Dedicated Anglesey RNLI press officer puts down his pen after 16 years
Ray Steadman, Lifeboat Press Officer at Holyhead has decided to call it a day after keeping the station in the public eye by publicising rescue news and fundraising stories since 2000.
Publicity is vital to keep the RNLI charity afloat and Ray made it his mission to build up an excellent rapport with local broadcast and TV journalists and to ensure the RNLI’s story was told. He has been responsible for ensuring the role played by RNLI volunteer crews during rescues was always communicated to the public in a timely manner.
A keen photographer, Ray has embraced changes to the way the modern media works and was instrumental taking quality images and in editing video footage to support breaking news stories.
Danielle Rush, RNLI Public Relations Manager for Wales, says:
‘It never ceases to amaze me the level of commitment RNLI lifeboat press officers give to the charity. To think they are working in a volunteer capacity alongside jobs and families is just extraordinary. Ray embodies all the qualities we would hope to find in an LPO and had gone above and beyond the call of duty to keep Holyhead RNLI in the headlines.
‘Ray would think nothing of turning up at the station in the middle of the night to gather information about call outs and answer calls form the media up until the early hours of the morning. He’s been a fantastic asset to the PR team in Wales and we shall miss him greatly. I would like to thank him for all his hard work which has been very much appreciated.’
Ray, who works at nearby RAF Valley first began volunteering with Holyhead RNLI as shorecrew back in 1995. He also took up the post of ATV mechanic between 2002-2012.
‘I have thoroughly enjoyed volunteering with Holyhead RNLI and have made some excellent lifelong friends along the way. I shall miss the role greatly, but felt the time had come for me to step down and let someone else take the reigns.’
Notes to Editors:
Picture Caption: Ray Steadman (credit Glyn Davies).
RNLI media contacts:
For more information please contact Chris Cousens, RNLI Press Officer, Wales and the West, on 01745 585162 or 07748 265496.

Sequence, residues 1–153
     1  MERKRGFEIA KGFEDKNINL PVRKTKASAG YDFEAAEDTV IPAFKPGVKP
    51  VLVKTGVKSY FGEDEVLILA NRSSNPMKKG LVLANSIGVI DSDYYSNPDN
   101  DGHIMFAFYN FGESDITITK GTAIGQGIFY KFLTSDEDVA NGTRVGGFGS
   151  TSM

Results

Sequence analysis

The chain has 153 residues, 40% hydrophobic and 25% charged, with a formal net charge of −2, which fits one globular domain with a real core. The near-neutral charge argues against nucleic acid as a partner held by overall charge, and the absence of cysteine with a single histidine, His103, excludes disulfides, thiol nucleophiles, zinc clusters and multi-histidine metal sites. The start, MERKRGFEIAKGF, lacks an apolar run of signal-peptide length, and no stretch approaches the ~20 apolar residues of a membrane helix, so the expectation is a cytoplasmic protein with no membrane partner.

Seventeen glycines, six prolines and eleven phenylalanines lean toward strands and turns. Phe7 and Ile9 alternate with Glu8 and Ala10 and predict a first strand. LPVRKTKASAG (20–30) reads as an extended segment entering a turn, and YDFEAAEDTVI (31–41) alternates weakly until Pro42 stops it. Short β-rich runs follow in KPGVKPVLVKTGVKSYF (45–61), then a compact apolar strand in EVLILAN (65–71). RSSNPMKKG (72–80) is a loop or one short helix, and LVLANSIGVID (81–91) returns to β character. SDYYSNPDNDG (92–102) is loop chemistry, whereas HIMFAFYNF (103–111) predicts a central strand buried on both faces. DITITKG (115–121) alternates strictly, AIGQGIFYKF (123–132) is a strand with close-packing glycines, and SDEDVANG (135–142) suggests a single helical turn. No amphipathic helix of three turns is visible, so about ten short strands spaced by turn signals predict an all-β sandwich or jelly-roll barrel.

Key facts about the RNLI
The Royal National Lifeboat Institution is the charity that saves lives at sea. Our volunteers provide a 24-hour search and rescue service in the United Kingdom and Ireland from 238 lifeboat stations, including four along the River Thames and inland lifeboat stations at Loch Ness, Lough Derg, Enniskillen, Carrybridge and Lough Ree. Additionally the RNLI has more than 1,000 lifeguards on over 240 beaches around the UK and operates a specialist flood rescue team, which can respond anywhere across the UK and Ireland when inland flooding puts lives at risk.
The RNLI relies on public donations and legacies to maintain its rescue service. As a charity it is separate from, but works alongside, government-controlled and funded coastguard services. Since the RNLI was founded in 1824 our lifeboat crews and lifeguards have saved at least 140,000 lives. Volunteers make up 95% of the charity, including 4,600 volunteer lifeboat crew members and 3,000 volunteer shore crew. Additionally, tens of thousands of other dedicated volunteers raise funds and awareness, give safety advice, and help in our museums, shops and offices.
Learn more about the RNLI
Contacting the RNLI - public enquiries
Members of the public may contact the RNLI on 0300 300 9990 or by email.
The RNLI is a charity registered in England and Wales (209603) and Scotland (SC037736). Charity number 20003326 in the Republic of Ireland